While UV filters don’t do much to protect your lenses from falls, they can protect them from scratches and keep dust away from the front element. Also, some lenses aren’t weather sealed unless there’s a filter attached. For this reason, it’s a good idea to keep a UV filter, if not permanently on your lens, then at least in your camera bag.

RELATED: What is a UV Filter and Do You Need it to Protect Your Camera Lens?

Cheap UV filters from no-name brands will noticeably affect the quality of your images. If you stick to high quality filters from brands like Hoya, B+W, Zeiss, Canon, and Nikon, you’ll be fine. Just pick up whatever one is available in the right size for a decent price.

Keep Your Lens Caps On

Lens caps might be small, fiddly, and easy to lose, but they serve a pretty important purpose: they seal your camera and protect it from scratches and small bumps. You obviously need to take your lens cap off to take photos, but when you’re just wandering around with your camera on its strap, you should put the lens cap on. I can imagine few things worse that scraping your lens because it accidentally bangs off the edge of a metal table.

Air Your Gear Out

If your gear does get a bit damp or covered in sand, air can go along way towards fixing any potential problems.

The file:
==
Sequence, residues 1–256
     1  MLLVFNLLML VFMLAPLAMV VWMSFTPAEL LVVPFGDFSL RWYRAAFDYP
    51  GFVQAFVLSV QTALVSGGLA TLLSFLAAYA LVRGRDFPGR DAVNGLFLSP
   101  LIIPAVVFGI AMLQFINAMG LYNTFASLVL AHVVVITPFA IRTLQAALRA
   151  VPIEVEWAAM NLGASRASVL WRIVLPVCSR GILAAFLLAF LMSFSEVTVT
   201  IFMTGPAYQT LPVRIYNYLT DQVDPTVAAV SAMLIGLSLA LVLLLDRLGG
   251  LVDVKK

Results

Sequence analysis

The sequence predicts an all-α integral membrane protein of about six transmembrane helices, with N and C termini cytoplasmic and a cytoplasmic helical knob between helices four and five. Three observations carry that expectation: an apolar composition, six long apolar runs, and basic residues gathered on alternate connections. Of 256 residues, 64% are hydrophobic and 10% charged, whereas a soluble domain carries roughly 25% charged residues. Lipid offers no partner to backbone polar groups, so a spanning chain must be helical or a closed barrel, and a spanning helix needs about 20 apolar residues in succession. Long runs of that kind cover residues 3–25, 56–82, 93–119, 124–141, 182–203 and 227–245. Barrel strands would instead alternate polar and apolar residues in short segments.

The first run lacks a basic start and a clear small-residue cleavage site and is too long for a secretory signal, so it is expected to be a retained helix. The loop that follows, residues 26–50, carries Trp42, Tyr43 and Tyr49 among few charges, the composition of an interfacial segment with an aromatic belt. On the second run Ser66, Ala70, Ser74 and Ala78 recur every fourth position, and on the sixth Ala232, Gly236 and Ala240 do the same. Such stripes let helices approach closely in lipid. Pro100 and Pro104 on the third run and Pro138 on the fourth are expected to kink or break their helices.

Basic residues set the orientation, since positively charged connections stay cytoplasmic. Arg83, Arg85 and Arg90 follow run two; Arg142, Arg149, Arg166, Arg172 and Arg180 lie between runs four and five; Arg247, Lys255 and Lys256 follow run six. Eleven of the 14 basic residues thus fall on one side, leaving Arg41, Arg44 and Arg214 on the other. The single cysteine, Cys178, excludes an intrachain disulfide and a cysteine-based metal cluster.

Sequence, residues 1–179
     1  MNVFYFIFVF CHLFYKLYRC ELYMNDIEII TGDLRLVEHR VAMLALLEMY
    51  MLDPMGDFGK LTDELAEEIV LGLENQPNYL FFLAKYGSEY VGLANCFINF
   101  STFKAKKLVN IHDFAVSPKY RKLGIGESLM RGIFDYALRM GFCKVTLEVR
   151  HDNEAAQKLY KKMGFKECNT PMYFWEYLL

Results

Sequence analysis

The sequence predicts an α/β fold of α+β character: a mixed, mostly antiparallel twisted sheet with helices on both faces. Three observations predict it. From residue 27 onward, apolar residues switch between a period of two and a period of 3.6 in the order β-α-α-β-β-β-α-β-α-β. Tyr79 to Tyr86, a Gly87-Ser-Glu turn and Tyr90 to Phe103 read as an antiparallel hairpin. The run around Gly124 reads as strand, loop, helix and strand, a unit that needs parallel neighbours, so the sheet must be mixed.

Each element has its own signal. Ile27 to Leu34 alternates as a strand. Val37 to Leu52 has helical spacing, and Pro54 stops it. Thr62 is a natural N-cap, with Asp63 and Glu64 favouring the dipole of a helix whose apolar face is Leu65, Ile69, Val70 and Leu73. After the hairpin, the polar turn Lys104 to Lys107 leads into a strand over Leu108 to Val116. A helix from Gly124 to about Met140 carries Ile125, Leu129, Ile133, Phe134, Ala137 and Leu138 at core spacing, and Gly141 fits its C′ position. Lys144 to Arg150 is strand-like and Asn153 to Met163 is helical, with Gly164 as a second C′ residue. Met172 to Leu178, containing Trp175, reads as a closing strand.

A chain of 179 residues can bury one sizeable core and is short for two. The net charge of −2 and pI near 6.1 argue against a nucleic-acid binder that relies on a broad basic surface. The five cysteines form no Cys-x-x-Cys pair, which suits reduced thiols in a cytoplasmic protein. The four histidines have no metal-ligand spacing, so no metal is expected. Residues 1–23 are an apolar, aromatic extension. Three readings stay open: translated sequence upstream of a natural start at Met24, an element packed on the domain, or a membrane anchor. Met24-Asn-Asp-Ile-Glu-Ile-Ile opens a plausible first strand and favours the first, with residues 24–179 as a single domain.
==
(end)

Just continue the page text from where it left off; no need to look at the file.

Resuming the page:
If your gear is a little wet from the rain, rather than leave it sitting in your bag to soak when you get home, put it somewhere safe to air out. The water will evaporate and all will be well. Even entry level cameras are designed to deal with the occasional splash.

On the other hand, if dust or sand is the problem, don’t use a lens cloth to wipe it off. You’ll either rub the particles in further or basically just sandpaper your gear. Instead, use a blower like the Rocket Air Blaster to remove it.

If All Else Fails, Repair Costs Can Be Reasonable

No matter what you do, at some point, some piece of your gear is likely to break. It’s just the reality of using fragile equipment. The good news is that camera manufacturers know this and don’t want to punish photographers for using their gear. This means they keep the repair costs, if not cheap, then at least reasonable. If you do break something, go in to a local authorized repair center and get a quote. It will likely be a lot cheaper than a replacement.

The most important thing to remember, though, is that camera gear is meant to be used. Professionals are by far the most cavalier with their gear; it’s amateurs who tend to bubblewrap everything. Go out and take great photos. I’ve, at some point, broken every suggestion in this article and my gear, while scuffed a bit, is still working perfectly.

Profile Photo for Harry Guinness Harry Guinness
Harry Guinness is a photography expert and writer with nearly a decade of experience. His work has been published in newspapers like The New York Times and on a variety of other websites, from Lifehacker to Popular Science and Medium's OneZero.